Devotion + Doubt

Hey all. Sorry about the "vacation". But i am back at ya now, with a great, great album from 10 years ago. I listened a lot to this album back in 97, when I (and possibly you too?)was in my alt country phase. This is Richard Buckner's "Devotion + Doubt", his second. As they say here, "No tiene presa mala", meaning; there's not a clunker in the bunch, imho.

His newer disc, Meadow, from 06 is more of a rock thing, and it ain't bad at all, but THIS is pure gold. A beautiful, acoustic sounding record, intimate, depressing (yay!), one of my favorite albums from that time in my life. And beautifully designed packaging, too. Buy it HERE.

1. Pull

2. Lil Wallet Picture

3. Ed's Song

4. Home

5. A Goodbye Rye

6. Fater

7. Kate Rose

8. 4AM

9. Roll

10. Polly Waltz

11. Figure

12. On Travelling

13. Song Of 27

If you've never heard Mr Buckner, here are a couple of live performances from 1994 that'll give you an idea. And if you like this, the album is even better:

Richard Buckner on Fog Town Network--"The Worst Way":

Richard Buckner on Fog Town Network--"22":

And some amusing RB quotes from an interview (I think he was having a bad day):
It's funny, I was just talking to someone about this yesterday. I'm working in a studio right now with a bluegrass band, producing their record. We were talking to the engineers, and one of the interns is a real young guy and he's talking about MP3s and the people behind all that, and he's like, well, these companies, they're not making any money off it. And I was like, what are you fucking talking about? You think people are doing this for nothing? If people weren't making money off this, they wouldn't be doing it, because that's the nature of the beast.Usually every night when I'm performing onstage, at some point I think, like, ‘isn't this fucking weird?’, I'm up here on a podium hollering and people are looking at me. This is a really weird fucking way to make a living. Or not, as the case may be, he adds wryly. And it is weird. You're up there facing a couple hundred people and they're facing you and you're up there hollering.. When you put it in those terms it's strange, and after doing it for nine months of a year you're like, ‘God, I can't believe this is what I do with my time.’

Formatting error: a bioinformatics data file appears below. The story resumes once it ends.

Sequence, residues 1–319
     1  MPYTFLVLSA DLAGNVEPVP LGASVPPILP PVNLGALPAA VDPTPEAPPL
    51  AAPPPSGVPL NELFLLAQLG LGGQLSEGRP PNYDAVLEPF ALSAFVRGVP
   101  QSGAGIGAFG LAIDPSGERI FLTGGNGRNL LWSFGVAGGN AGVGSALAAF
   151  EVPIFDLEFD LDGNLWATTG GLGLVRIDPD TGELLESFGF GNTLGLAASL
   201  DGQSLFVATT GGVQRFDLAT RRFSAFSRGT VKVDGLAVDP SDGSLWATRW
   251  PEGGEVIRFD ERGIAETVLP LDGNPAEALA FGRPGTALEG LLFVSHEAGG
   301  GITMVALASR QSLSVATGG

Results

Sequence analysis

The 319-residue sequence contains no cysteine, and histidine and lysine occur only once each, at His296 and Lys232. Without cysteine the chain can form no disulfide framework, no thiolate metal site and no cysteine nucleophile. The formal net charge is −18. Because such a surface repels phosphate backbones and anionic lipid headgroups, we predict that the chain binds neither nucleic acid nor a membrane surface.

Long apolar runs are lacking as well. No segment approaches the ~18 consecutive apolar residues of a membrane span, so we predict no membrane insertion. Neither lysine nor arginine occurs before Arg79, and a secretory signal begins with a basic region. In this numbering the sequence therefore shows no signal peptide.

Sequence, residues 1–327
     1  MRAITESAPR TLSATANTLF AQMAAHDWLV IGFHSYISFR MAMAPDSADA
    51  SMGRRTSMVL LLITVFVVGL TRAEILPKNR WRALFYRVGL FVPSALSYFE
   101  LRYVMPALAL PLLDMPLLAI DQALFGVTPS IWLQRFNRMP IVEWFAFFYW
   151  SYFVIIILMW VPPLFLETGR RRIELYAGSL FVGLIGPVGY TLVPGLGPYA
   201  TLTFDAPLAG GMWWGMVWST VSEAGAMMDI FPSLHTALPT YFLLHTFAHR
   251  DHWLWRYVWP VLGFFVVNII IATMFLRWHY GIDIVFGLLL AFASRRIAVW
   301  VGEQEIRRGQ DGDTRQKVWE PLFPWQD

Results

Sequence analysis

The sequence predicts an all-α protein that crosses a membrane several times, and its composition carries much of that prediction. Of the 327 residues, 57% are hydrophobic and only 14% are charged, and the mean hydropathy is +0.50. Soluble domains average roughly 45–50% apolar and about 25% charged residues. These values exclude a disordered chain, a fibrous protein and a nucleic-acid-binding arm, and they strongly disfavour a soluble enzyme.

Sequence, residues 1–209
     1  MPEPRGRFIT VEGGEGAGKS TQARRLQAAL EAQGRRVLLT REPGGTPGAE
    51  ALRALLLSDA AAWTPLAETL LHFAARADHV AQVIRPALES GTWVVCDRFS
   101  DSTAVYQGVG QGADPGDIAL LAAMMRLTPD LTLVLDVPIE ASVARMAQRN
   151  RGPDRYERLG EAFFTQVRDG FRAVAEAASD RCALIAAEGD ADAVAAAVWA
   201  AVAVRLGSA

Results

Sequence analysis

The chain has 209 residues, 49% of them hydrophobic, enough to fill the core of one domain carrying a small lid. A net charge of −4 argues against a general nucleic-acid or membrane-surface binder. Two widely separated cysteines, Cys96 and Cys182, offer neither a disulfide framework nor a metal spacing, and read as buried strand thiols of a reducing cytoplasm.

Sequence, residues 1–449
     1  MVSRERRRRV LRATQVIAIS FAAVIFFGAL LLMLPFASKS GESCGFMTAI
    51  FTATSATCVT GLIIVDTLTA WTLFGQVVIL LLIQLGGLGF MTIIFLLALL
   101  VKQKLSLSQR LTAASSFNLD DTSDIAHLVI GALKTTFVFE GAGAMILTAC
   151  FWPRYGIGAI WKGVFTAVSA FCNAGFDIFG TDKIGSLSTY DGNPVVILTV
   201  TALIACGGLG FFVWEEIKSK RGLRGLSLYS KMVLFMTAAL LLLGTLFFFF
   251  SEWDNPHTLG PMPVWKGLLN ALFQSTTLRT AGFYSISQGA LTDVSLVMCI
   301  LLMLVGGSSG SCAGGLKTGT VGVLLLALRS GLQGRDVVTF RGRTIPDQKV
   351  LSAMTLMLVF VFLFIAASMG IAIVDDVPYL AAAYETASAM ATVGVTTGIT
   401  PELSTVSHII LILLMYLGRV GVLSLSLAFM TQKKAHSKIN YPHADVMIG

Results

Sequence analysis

You know, the only reason I write is that I'm trying to figure things out in my own life. It comes from there. I'm trying to comfort myself or something.

Does it matter that your music matters to others?
No. If that matters, I think I'm in big trouble. Absolutely not. I don't give a fuck. And I tell people that too. They start telling me, ‘Well, you know, I thought this, I didn't think this.’
He shakes his head, laughing.
You know, I don't want to know this. Keep this shit to yourself! It's not important to anybody. Especially me. So keep it to yourself.
Look, if I'm talking to somebody I'm not going to be a dick and say, ‘hey, I don't want to hear what your favourite song is.’ But if people get too deep into it, I have to say, ‘Listen, this is not what this is all about. You know, take it for what it's worth and that's it. If it means a lot to you, great.

Surely there must be some songs which say something you want to say to someone else; surely there must be some people you want to hear a song and take a message from it. Buckner laughs, as much mocking as self-mocking.
I think it's kind of a cowardly way to tell somebody something you want to say to them, don't you? Like, ah fuck, give me a fucking break. Is that what you're doing, you're sending me like a secret note or something? Fuck. That's my whole problem with computers. People can get on there and write whatever they want and not leave their own name. You fucking coward! God damn. Put your name on there. If you're going to say something to somebody, so when you make these little glib nerdy-ass comments, we'll know who it's coming from, we can get down to business and see what your real fucking problem is.